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Computational Geodynamics: G. Morra

Many challenges exist in geodynamics, from developing models of Early Earth evolution, to the investigation of the largest Earthquakes, called megathrusts, from the evolution of extra-solar planets, to the evaluation of the conditions for the existence of life on the icy planets of our solar system. At UL Lafayette we develop new numerical techniques simulate these systems and integrate them with the rising amount of data available on our and other planets. Example of recent research projects are:

Role of the Spin-Transition in the Mantle to Earth's evolution. The strength of the Earth's Lower Mantle, extending from ~670 km to ~2880 km depth and that constitutes more than half of our planet, is scarcely known. Recent research has shown that the ferropericlase, a major mantle mineral, changes its spin state around 2000 km depth. This observation has been combined with variations of the viscosity across the lower mantle. Our numerical models help to explain stagnation and mixing of mantle material, and shows that Large Igneous Provinces can be explained by the growth of mantle plume heads crossing the highest viscosity lower mantle region.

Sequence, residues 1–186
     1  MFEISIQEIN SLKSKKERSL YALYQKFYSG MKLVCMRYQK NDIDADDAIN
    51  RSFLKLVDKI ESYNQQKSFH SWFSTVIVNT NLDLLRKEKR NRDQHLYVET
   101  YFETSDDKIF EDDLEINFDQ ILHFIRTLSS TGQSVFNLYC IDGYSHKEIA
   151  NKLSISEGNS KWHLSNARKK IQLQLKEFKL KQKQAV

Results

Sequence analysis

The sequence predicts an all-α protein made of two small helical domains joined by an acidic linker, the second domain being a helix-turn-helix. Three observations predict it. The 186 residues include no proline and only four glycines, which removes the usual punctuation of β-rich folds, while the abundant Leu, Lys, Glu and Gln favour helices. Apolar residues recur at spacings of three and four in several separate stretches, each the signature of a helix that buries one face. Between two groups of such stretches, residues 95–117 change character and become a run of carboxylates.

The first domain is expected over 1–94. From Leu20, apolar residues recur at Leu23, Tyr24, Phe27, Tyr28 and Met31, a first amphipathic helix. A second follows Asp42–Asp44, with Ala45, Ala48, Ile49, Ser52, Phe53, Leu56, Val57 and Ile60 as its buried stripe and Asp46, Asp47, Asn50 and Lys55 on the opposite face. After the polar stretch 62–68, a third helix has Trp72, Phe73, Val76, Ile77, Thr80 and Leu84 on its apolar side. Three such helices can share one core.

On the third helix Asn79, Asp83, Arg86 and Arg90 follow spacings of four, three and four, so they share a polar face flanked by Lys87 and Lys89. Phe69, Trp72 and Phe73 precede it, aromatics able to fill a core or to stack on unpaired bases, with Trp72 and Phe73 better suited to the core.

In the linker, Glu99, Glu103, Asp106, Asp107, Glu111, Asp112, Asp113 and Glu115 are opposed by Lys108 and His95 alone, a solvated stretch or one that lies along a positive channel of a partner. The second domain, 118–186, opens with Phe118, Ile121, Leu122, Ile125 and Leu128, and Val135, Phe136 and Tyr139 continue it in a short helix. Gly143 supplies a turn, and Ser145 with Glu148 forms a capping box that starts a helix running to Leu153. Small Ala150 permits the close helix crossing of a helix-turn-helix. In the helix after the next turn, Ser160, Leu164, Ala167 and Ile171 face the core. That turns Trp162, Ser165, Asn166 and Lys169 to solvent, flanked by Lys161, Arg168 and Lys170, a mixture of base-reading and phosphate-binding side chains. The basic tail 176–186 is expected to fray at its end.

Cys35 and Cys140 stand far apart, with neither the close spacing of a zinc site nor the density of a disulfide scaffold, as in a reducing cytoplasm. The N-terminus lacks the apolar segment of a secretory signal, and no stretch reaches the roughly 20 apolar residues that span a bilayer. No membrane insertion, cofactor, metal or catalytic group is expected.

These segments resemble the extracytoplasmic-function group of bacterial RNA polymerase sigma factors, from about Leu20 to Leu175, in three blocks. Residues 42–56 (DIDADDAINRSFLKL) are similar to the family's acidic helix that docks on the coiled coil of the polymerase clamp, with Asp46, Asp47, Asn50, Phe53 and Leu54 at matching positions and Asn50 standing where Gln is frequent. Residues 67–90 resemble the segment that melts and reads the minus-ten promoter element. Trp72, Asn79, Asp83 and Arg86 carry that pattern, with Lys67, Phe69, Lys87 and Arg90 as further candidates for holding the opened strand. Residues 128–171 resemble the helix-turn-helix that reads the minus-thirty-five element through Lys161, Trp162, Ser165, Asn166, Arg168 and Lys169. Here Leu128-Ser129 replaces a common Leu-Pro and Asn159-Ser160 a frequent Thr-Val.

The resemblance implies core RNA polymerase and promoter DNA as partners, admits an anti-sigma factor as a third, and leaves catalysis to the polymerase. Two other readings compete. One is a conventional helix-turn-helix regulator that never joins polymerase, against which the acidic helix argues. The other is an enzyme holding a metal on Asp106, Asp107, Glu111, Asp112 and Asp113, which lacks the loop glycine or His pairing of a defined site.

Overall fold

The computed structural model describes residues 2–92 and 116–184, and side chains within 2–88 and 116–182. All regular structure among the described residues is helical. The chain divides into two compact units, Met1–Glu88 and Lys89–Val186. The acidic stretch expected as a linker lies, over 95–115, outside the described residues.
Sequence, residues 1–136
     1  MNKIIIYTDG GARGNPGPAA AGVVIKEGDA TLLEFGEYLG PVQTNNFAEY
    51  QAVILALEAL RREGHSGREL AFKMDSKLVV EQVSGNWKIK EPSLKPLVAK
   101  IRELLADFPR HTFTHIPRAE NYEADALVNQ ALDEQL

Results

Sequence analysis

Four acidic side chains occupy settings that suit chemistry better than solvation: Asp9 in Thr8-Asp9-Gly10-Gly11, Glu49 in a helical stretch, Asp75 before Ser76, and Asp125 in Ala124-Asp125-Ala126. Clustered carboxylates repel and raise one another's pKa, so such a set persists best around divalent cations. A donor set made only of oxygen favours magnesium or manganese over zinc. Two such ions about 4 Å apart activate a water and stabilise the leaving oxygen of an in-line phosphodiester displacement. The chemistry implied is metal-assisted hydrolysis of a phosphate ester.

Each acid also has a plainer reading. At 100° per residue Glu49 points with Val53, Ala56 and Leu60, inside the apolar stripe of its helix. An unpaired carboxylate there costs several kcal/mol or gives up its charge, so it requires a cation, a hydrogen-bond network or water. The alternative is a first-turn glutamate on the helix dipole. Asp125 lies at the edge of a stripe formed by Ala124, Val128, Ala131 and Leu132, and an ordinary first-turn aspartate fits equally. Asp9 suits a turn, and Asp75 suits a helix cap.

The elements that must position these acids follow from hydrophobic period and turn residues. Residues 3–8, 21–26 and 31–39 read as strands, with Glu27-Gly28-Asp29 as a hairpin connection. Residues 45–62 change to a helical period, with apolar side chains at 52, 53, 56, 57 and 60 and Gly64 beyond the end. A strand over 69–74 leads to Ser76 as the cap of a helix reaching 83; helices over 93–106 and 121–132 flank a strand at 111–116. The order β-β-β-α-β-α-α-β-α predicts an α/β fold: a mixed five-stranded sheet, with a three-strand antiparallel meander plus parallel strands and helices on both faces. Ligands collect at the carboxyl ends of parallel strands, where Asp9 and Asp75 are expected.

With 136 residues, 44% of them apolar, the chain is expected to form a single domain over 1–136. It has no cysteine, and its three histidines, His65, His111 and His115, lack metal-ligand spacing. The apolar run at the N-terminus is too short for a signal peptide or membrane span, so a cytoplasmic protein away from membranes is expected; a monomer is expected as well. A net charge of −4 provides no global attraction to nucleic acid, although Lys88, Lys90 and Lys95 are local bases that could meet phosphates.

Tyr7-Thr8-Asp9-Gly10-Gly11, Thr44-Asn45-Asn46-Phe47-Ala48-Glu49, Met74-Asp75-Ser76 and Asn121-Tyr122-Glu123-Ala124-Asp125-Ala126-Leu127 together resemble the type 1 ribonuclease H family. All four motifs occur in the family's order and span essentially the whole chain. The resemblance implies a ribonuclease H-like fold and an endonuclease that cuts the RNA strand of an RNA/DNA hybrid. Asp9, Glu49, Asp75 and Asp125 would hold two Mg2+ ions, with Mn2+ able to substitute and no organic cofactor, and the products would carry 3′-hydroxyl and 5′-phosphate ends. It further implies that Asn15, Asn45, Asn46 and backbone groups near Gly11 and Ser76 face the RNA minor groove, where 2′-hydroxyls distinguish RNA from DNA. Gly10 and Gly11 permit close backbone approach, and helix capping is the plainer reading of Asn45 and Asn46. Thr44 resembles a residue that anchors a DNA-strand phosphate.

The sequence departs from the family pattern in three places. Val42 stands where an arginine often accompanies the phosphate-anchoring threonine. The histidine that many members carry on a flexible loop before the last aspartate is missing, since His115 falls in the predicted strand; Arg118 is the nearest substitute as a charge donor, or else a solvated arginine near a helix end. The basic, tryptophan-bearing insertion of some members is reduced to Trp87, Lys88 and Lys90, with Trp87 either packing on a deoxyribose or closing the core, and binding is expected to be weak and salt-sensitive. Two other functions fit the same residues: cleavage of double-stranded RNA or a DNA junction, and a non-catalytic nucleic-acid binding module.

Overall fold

Characterizing mantle plumes. Constraints from mineral physics, petrology and geophysics have suggested that the wadsleyite layer (410–520 km depth) at the top of the transition zone can store large amounts of volatiles (e.g. OH, CO). We use our numerical tools to show that plumes spontaneously rise from this region due to the collective motion of hydrated diapirs (here, chapter 5). Our models can explain the mysterious existence of surface volcanism in remote regions such as Central Asia. 

Fast Numerical Modeling for Multiphase-flow. Ample evidence indicates that the degree of violence of volcanic eruptions depends on the complexities of the rising bubbly gas in the volcanic conduit. In particular the regular degassing during Strombolian activity seems to naturally emerge from slugs created by spontaneous collective dynamics of rising gas bubbles. At UL we develop new numerical techniques based on near-field and far-field interaction between particles and diapirs that can reproduce Einstein and Batchelor viscosities, and show how they can be applied to modeling the flow of gas in volcanic conduits, particle sedimentation, wave propagation in heterogeneous media



Gabriele MorraDepartment of Physics, School of GeosciencesUniversity of Louisiana at Lafayette